A great many years ago, when men with a white skin had never yet been seen in this land, some Indians who were out a fishing, at a place where the sea widens, espied at a great distance something remarkably large floating on the water, and such as they had never seen before. These Indians immediately returning to the shore, apprised their countrymen of what they had observed, and pressed them to go out with them and discover what it might be. They hurried out together, and saw with astonishment the phenomenon which now appeared to their sight, but could not agree upon what it was; some believed it to be an uncommonly large fish or animal, while others were of opinion it must be a very big house floating on the sea. At length the spectators concluded that this wonderful object was moving towards the land, and that it must be an animal or something else that had life in it; it would therefore be proper to inform all the Indians on the inhabited islands of what they had seen, and put them on their guard. Accordingly they sent off a number of runners and watermen to carry the news to their scattered chiefs, that they might send off in every direction for the warriors, with a message that they should come on immediately. These arriving in numbers, and having themselves viewed the strange appearance, and observing that it was actually moving towards the entrance of the river or bay; concluded it to be a remarkably large house in which the Mannitto (the Great or Supreme Being) himself was present, and that he probably was coming to visit them. By this time the chiefs were assembled at York island, and deliberating in what manner in which they should receive their Mannitto on his arrival. Every measure was taken to be well provided with plenty of meat for a sacrifice. The women were desired to prepare the best victuals. All the idols or images were examined and put in order, and a grand dance was supposed not only to be an agreeable entertainment for the Great Being, but it was believed that it might, with the addition of a sacrifice, contribute to appease him if he was angry with them. The conjurers were also set to work, to determine what this phenomenon portended, and what the possible result of it might be. To these and to the chiefs and wise men of the nations, men, women, and children were looking up for advice and protection. Distracted between hope and fear, they were at a loss what to do; a dance, however, commenced in great confusion. While in this situation, fresh runners arrive declaring it to be a large house of various colours, and crowded with living creatures. It appears now to be certain, that it is the great Mannitto, bringing them some kind of game, such as he had not given them before, but other runners soon after arriving declare that it is positively a house full of human beings, of quite a different colour from that of the Indians, and dressed differently from them; that in particular one of them was dressed entirely in red, who must be the Mannitto himself. They are hailed from the vessel in a language they do not understand, yet they shout or yell in return by way of answer, according to the custom of their country; many are for running off to the woods, but are pressed by others to stay, in order not to give offence to their visitor, who might find them out and destroy them. The house, some say, large canoe, at last stops, and a canoe of a smaller size comes on shore with the red man, and some others in it; some stay with his canoe to guard it. The chiefs and wise men, assembled in council, form themselves into a large circle, towards which the man in red clothes approaches with two others. He salutes them with a friendly countenance, and they return the salute after their manner. They are lost in admiration; the dress, the manners, the whole appearance of the unknown strangers is to them a subject of wonder; but they are particularly struck with him who wore the red coat all glittering with gold lace, which they could in no manner account for. He, surely, must be the great Mannitto, but why should he have a white skin? Meanwhile, a large Hackhack is brought by one of his servants, from which an unknown substance is poured out into a small cup or glass, and handed to the supposed Mannitto. He drinks—has the glass filled again, and hands it to the chief standing next to him. The chief receives it, but only smells the contents and passes it on to the next chief, who does the same. The glass or cup thus passes through the circle, without the liquor being tasted by any one, and is upon the point of being returned to the red clothed Mannitto, when one of the Indians, a brave man and a great warrior, suddenly jumps up and harangues the assembly on the impropriety of returning the cup with its contents. It was handed to them, says he, by the Mannitto, that they should drink out of it, as he himself had done. To follow his example would be pleasing to him; but to return what he had given them might provoke his wrath, and bring destruction on them. And since the orator believed it for the good of the nation that the contents offered them should be drunk, and as no one else would do it, he would drink it himself, let the consequence be what it might; it was better for one man to die, than that a whole nation should be destroyed. He then took the glass, and bidding the assembly a solemn farewell, at once drank up its whole contents. Every eye was fixed on the resolute chief, to see what effect the unknown liquor would produce. He soon began to stagger, and at last fell prostrate on the ground. His companions now bemoan his fate, he falls into a sound sleep, and they think he has expired. He wakes again, jumps up and declares, that he has enjoyed the most delicious sensations, and that he never before felt himself so happy as after he had drunk the cup. He asks for more, his wish is granted; the whole assembly then imitate him, and all become intoxicated.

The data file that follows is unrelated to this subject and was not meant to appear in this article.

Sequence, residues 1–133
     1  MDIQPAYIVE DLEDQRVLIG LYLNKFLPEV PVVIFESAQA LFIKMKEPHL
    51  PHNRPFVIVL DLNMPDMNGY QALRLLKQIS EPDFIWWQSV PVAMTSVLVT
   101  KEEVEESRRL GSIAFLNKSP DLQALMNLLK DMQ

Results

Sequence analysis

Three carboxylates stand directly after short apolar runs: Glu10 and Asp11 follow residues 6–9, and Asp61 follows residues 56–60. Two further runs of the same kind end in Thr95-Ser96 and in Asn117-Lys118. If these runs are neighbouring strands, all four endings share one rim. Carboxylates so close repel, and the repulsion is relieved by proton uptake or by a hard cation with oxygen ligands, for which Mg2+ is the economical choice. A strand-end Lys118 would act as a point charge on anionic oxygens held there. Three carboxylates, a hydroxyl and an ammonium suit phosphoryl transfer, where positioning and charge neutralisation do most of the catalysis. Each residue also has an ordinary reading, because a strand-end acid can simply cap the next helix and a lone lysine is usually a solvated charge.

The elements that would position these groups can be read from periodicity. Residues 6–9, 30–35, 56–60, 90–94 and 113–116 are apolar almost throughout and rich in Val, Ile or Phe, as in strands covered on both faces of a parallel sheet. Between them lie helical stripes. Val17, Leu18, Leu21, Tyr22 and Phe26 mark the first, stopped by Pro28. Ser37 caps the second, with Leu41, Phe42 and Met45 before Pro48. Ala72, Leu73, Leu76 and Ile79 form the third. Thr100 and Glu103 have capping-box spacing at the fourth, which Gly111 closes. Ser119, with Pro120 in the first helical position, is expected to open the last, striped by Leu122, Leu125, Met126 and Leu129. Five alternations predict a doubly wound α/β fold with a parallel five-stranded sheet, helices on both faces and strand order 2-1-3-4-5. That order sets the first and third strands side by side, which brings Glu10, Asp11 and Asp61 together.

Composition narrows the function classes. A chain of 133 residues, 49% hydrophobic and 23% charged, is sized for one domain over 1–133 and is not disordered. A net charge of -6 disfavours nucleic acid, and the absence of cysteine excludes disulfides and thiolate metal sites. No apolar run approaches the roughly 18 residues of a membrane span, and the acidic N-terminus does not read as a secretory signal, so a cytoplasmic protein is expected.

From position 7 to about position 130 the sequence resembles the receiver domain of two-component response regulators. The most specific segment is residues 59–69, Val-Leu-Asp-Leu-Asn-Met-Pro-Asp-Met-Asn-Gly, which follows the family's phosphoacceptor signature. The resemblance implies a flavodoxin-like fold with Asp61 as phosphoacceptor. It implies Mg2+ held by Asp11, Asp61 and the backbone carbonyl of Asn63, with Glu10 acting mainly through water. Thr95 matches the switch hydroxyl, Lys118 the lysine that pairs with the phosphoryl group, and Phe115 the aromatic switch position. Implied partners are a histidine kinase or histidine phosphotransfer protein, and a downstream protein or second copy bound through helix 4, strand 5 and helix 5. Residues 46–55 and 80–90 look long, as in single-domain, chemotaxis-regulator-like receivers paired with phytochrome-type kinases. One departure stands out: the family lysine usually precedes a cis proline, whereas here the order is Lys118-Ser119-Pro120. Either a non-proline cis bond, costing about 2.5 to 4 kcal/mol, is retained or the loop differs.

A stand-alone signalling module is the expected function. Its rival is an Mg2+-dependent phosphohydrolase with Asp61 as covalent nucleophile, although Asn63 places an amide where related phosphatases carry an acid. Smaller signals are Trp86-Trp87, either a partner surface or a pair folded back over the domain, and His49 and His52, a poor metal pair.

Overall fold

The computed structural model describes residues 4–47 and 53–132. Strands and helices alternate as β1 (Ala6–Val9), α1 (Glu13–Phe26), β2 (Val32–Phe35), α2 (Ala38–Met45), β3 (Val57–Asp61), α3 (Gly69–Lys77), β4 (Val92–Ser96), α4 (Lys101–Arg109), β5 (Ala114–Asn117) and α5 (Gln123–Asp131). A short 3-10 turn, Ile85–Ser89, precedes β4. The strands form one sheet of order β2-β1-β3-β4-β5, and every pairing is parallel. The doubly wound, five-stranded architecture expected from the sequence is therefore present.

After this general intoxication had ceased, for they say that while it lasted the whites had confined themselves to their vessel, the man with the red clothes returned again, and distributed presents among them, consisting of beads, axes, hoes, and stockings such as the white people wear. They soon became familiar with each other, and began to converse by signs. The Dutch made them understand that they would not stay here, that they would return home again, but would pay them another visit the next year, when they would bring them more presents, and stay with them awhile; but as they could not live without eating, they should want a little land of them to sow seeds, in order to raise herbs and vegetables to put into their broth. They went away as they had said, and returned in the following season, when both parties were much rejoiced to see each other; but the whites laughed at the Indians, seeing that they knew not the use of the axes and hoes they had given them the year before; for they had these hanging to their breasts as ornaments, and the stockings were made use of as tobacco pouches. The whites now put handles to the former for them, and cut trees down before their eyes, hoed up the ground, and put the stockings on their legs. Here, they say, a general laughter ensued among the Indians, that they had remained ignorant of the use of such valuable implements, and had borne the weight of such heavy metal hanging to their necks, for such a length of time. They took every white man they saw for an inferior Mannitto attendant upon the supreme Deity who shone superior in the red and laced clothes. As the whites became daily more familiar with the Indians, they at last proposed to stay with them, and asked only for so much ground for a garden spot as, they said, the hide of a bullock would cover or encompass, which hide was spread before them. The Indians readily granted this apparently reasonable request; but the whites then took a knife, and beginning at one end of the hide, cut it up to a long rope, not thicker than a child’s finger, so that by the time the whole was cut up, it made a great heap; they then took the rope at one end, and drew it gently along, carefully avoiding its breaking. It was drawn out into a circular form, and being closed at its ends, encompassed a large piece of ground. The Indians were surprised at the superior wit of the whites, but did not wish to contend with them about a little land, as they had still enough themselves. The white and red men lived contentedly together for a long time, though the former from time to time asked for more land, which was readily obtained, and thus they gradually proceeded higher up the Mahicannittuck, until the Indians began to believe that they would soon want all their country, which in the end proved true.